The government has spoken about how to improve the nation’s financial health, after its annual budget plan, approved last month, indicated a shortfall of NT$273.9 billion (US$9.18 billion) for next year, which will be the first increase in the deficit in five years. Moreover, President Ma Ying-jeou’s (馬英九) administration is proposing its first-ever share sale plan for state-run banks and bluechip companies to increase revenues.
The latest statistics show that national debt amounted to NT$5.377 trillion at the end of last month and it is approaching the debt ceiling of NT$5.702 trillion, or 40.6 percent of the average GDP for the past three years. Minster of Finance Chang Sheng-ford (張盛和) last week said the ministry was drafting plans to both control the growth of government debt and expand its revenue sources in compliance with the Public Debt Act (公共債務法).
His remarks came after Council for Economic Planning and Development Minister Kuan Chung-ming (管中閔) said late last month that the council was proposing measures to increase government revenue. Among the measures they proposed is the sale of
government-owned stocks. An initial plan for such sales includes a total of NT$44.1 billion shares in Taiwan Cooperative Financial Holding Co, Mega Financial Holding Co, China Steel Corp, Chunghwa Telecom Co and Taiwan Fertilizer Co.
The finance ministry says the government aims to sell other stock in companies that carry no policy initiatives or in which the government is not a majority shareholder, such as Central Deposit Insurance Corp and Taiwan Land Development Corp. The second-
stage share sale is also part of the government’s privatization drive for state-run companies, following the successful privatization of Taiwan Salt Co, Chunghwa Telecom, China Shipbuilding Corp and Taiwan Cooperative Bank during former president Chen Shui-bian’s (陳水扁) administration from 2000 to 2008.
Before getting too excited about the sale plan, which still has uncertainties due to opposition from labor unions and its need for approval by lawmakers, the government must realize that the main purpose of selling its stocks should be to loosen its control over those companies, rather than earn money.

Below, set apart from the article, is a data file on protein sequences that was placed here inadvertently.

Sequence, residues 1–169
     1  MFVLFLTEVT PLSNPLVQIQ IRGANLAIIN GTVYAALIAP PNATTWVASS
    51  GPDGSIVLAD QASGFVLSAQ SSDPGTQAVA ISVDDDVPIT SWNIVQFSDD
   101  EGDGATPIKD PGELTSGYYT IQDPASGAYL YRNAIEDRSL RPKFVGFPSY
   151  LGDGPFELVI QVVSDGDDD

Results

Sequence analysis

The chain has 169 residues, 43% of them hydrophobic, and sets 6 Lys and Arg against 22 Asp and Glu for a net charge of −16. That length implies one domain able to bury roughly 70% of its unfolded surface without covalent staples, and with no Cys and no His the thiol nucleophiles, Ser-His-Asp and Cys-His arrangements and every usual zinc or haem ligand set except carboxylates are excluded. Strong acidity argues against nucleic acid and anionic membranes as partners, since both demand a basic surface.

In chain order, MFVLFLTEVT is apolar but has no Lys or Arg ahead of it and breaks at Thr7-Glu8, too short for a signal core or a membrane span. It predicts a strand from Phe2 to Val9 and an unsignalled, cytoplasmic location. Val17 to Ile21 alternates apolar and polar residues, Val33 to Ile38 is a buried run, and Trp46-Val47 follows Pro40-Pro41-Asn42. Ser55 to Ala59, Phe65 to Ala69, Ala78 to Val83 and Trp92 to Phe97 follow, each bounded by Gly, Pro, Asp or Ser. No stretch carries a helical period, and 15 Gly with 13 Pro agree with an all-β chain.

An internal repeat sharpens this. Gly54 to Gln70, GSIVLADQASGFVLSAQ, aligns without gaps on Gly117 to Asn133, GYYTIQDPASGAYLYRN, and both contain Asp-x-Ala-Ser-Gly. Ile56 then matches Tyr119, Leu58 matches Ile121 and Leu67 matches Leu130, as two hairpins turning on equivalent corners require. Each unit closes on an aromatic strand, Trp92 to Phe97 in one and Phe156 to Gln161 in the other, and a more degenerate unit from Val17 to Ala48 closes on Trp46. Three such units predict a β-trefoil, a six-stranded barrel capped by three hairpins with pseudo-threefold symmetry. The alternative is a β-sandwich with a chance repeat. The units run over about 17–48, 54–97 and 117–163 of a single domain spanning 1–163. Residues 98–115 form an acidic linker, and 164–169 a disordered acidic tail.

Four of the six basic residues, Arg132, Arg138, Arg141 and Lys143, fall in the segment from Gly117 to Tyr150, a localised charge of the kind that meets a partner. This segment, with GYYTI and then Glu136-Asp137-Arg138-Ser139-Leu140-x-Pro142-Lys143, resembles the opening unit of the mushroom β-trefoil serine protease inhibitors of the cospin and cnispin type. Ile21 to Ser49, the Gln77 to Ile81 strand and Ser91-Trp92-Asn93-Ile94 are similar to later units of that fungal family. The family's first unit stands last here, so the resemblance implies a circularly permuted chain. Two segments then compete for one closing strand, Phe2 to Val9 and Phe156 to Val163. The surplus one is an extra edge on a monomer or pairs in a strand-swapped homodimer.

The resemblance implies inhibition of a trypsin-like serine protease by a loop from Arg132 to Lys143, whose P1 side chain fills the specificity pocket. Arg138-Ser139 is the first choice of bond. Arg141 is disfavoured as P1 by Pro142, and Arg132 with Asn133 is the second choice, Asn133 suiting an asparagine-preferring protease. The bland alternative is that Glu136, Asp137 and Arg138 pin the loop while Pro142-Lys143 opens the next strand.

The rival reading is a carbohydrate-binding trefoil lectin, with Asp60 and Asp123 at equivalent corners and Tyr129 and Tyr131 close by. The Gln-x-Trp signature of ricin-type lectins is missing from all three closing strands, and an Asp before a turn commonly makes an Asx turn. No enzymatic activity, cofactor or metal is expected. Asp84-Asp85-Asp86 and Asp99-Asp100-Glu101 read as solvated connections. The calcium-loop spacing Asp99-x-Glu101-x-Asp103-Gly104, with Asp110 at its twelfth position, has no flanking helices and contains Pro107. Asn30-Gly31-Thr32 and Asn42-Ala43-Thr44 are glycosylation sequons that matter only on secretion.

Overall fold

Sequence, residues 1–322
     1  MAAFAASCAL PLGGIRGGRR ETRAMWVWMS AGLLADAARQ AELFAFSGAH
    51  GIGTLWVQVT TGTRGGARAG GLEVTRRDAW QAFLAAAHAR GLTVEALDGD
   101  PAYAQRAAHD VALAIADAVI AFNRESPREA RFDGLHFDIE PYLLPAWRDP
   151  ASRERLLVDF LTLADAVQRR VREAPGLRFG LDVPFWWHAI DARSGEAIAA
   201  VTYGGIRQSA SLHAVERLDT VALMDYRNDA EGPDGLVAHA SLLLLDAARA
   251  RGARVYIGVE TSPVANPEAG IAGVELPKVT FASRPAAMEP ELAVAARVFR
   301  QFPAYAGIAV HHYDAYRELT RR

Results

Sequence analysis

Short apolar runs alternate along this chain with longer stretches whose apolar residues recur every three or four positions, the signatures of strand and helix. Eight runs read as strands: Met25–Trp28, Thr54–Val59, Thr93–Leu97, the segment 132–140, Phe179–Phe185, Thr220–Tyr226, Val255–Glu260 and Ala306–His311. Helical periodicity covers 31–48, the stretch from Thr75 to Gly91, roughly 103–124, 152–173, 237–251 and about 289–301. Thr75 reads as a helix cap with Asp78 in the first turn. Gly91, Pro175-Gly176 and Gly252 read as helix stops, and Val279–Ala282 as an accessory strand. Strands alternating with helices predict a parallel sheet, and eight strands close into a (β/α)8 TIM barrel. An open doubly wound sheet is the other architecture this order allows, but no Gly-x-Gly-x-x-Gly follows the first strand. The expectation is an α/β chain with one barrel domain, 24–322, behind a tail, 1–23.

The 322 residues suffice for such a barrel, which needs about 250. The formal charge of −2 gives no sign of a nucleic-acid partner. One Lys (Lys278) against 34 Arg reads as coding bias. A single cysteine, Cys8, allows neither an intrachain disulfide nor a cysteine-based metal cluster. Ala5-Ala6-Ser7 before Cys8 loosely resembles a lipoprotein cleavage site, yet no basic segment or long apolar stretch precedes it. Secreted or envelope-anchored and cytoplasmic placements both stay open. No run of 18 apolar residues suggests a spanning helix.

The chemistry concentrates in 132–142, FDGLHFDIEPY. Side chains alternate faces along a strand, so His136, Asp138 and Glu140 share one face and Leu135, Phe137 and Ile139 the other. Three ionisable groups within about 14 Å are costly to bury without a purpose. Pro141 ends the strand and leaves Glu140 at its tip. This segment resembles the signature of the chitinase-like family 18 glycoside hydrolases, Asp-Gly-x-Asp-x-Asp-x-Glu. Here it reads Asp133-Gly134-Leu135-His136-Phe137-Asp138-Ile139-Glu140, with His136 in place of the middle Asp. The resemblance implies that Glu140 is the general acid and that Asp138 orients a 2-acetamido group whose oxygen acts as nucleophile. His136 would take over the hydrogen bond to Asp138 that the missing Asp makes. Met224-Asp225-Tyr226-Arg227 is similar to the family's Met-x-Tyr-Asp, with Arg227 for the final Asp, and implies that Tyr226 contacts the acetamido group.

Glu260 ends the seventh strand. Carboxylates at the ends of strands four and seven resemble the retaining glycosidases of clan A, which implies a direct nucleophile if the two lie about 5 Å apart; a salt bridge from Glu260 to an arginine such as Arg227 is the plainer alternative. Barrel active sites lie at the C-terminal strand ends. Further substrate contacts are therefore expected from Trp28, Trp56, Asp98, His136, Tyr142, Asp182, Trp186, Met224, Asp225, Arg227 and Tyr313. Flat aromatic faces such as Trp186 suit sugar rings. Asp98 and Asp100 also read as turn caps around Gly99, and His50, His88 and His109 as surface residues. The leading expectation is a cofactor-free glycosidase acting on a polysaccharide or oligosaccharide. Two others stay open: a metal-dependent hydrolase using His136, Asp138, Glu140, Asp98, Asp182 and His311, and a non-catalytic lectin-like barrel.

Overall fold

Government officials have correctly said that insufficient revenues are a key factor to the nation’s fiscal difficulties. Unfortunately they still refuse to face up to the real issue in the current tax structure: A fast-shrinking tax base and too many tax breaks, which have seriously diminished the government’s finances.
Like its peers elsewhere in the world, the government favors tax cuts, as well as increases in social security and pension-related spending, to win approval from businesses and the public. However, it is time for the government to review its generous tax cuts and welfare spending.
While policymakers believe their ideas will increase the productivity of individuals and corporations, the truth is that its policies have led to higher, not lower, budget deficits. The increase in tax revenues has not kept pace with economic growth over the past five years.
Tax equity should be the fundamental policy of any government. If tax cuts only benefit rich people and large companies and increase the tax burden on low and middle-income earners and small businesses, the government must end such unfair policies immediately.
Its obligation under the Constitution is to provide the majority of people, rather than only a prosperous minority, with a sound living environment. With the seven-in-one elections at the end of next year, the government must be careful to walk the path of fiscal discipline rather than toward a fiscal cliff.